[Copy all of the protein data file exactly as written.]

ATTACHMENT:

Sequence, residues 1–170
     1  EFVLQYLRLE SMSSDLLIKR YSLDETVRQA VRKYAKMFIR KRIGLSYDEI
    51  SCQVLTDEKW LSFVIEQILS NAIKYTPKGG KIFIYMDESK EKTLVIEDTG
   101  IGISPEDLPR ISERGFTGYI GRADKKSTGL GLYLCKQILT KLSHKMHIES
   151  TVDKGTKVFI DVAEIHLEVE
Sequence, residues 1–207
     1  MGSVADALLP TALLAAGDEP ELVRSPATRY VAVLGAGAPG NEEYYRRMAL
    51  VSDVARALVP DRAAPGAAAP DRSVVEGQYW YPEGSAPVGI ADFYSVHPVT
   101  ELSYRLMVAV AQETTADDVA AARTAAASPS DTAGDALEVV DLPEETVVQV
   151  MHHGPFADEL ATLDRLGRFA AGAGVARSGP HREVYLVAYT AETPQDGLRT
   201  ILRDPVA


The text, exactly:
Sequence, residues 1–170
     1  EFVLQYLRLE SMSSDLLIKR YSLDETVRQA VRKYAKMFIR KRIGLSYDEI
    51  SCQVLTDEKW LSFVIEQILS NAIKYTPKGG KIFIYMDESK EKTLVIEDTG
   101  IGISPEDLPR ISERGFTGYI GRADKKSTGL GLYLCKQILT KLSHKMHIES
   151  TVDKGTKVFI DVAEIHLEVE
Sequence, residues 1–207
     1  MGSVADALLP TALLAAGDEP ELVRSPATRY VAVLGAGAPG NEEYYRRMAL
    51  VSDVARALVP DRAAPGAAAP DRSVVEGQYW YPEGSAPVGI ADFYSVHPVT
   101  ELSYRLMVAV AQETTADDVA AARTAAASPS DTAGDALEVV DLPEETVVQV
   151  MHHGPFADEL ATLDRLGRFA AGAGVARSGP HREVYLVAYT AETPQDGLRT
   201  ILRDPVA